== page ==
Subject: Re: panic message ?
To: Patrick Welche <email@example.com>
From: Robert Black <firstname.lastname@example.org>
Date: 06/23/1997 12:33:52
On Jun 22, 11:59am, Patrick Welche wrote:
> Subject: Re: panic message ?
> Perry E. Metzger wrote:
> > Jason Thorpe writes:
> > > This happens when the mode bits on the inode aren't cleared for some
> > > indicating that the inode is still allocated.
> > >
> > > I have heard of this when going from 1.2 -> current from a few people...
> > > I'm guessing that this is something that fsck is somehow missing...
> > When doing upgrades, I do fsck -f -- I've institutionalized this in
> > the latest set of i386 upgr scripts, in fact.
> > Perry
> Actually, fsck does find and correct the error every time. It most
> often is UNKNOWN FILE TYPE I=7840. The question is why is it happening
> so often? Stating from a clean, checked disk, suddenly a panic
> occurs. It happened again just now while running a script to create a
> bunch of directories. Everything is OK as long as disk access is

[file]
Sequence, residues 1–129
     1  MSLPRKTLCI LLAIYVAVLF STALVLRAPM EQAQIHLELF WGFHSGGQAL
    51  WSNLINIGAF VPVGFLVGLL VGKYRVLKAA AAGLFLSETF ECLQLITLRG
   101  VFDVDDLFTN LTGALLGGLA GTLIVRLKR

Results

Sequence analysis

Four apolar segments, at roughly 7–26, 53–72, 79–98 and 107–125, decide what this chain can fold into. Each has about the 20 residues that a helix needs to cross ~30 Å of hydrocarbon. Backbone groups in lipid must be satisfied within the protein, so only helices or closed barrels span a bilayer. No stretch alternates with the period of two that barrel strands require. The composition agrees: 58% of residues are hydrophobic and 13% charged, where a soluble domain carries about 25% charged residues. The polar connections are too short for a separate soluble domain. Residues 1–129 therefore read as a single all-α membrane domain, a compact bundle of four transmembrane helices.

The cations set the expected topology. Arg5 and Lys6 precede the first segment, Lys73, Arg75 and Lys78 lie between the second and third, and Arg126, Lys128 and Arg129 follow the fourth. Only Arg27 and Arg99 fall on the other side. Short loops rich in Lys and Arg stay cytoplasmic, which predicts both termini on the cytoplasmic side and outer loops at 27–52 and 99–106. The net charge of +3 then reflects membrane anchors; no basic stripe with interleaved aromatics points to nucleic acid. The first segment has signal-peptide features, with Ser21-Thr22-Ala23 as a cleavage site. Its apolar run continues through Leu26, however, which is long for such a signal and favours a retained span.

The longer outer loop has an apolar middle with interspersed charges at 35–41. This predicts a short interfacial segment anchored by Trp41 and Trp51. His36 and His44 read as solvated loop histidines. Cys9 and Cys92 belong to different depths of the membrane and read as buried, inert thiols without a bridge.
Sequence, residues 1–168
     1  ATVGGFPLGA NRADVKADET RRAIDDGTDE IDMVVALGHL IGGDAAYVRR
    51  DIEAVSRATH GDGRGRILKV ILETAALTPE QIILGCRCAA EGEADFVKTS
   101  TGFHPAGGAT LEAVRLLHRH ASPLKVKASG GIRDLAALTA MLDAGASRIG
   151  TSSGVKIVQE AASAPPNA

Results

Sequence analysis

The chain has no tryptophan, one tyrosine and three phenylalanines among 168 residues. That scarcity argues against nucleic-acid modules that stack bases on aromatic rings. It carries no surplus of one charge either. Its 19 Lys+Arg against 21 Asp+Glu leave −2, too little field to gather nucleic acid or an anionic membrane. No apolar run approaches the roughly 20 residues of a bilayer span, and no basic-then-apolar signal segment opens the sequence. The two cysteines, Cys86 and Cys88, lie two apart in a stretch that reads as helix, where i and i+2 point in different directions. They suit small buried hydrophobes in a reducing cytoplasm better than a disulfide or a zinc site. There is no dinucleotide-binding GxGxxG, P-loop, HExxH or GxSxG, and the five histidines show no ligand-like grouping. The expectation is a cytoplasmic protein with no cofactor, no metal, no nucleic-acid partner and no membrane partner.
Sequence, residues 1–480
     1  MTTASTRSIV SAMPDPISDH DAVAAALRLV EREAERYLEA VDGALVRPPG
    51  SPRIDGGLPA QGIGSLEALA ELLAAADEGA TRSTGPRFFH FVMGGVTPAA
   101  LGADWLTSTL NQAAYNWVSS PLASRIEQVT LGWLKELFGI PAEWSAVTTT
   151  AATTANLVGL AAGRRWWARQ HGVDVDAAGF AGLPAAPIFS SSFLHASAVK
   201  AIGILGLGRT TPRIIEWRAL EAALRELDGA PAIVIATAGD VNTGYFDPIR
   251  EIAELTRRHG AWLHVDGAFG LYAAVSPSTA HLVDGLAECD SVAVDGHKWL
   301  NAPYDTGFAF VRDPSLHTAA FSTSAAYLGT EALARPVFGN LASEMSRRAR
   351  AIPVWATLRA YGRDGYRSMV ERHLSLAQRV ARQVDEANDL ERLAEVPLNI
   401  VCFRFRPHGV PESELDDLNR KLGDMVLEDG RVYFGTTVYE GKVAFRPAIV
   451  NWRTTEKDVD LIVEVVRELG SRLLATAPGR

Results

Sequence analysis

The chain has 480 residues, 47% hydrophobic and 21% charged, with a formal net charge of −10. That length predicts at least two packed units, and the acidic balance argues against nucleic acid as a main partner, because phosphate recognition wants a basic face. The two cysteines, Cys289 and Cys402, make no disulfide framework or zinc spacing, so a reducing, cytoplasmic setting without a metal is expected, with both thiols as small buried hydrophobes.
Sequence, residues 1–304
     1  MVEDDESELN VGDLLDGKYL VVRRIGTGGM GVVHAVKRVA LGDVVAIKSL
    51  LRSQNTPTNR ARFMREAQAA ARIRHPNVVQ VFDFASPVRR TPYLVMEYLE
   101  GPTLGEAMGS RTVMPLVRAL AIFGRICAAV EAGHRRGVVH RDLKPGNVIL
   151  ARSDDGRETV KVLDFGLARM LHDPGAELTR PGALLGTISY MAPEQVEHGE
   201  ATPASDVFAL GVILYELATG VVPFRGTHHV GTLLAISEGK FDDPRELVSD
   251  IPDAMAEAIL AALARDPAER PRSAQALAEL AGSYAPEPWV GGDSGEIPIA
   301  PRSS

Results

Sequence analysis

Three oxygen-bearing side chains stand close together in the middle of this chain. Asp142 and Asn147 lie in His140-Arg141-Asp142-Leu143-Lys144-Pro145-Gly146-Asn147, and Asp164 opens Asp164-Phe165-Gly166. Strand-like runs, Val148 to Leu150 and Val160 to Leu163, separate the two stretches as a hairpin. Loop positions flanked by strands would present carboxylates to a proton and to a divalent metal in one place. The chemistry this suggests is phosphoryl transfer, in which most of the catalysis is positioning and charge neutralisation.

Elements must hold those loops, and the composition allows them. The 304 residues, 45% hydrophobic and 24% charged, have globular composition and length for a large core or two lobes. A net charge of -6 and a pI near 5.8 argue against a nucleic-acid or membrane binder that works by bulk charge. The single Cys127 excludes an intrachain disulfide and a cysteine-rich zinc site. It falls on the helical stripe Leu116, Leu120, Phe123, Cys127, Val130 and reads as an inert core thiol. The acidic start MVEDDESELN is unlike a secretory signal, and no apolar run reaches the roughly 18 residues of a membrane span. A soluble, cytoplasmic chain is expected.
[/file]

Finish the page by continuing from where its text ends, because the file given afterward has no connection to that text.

> low. This is via an Adaptec 1542B, on a P133, running a sup from 2
> days ago.
This reminds me of a problem that we've seen in the arm32 port but completely
failed to track down where inodes get corrupted in a well-defined way on a
regular basis. We have a check built into the arm32 port which detects this
corruption and attempts to fix it up but we have had no joy in tracking down
where the corruption is coming from. We had assumed that one of our common
device drivers must be overwriting memory after freeing it or something. If you
run the arm32 port on a RiscPC with an IDE harddisk for several days and do a
lot of compilation you are almost bound to see a log message saying that an
inode trash has been located and fixed. IIRC the symptom is a particular
bit-pattern (with a single bit set) appearing in one of the indirect inode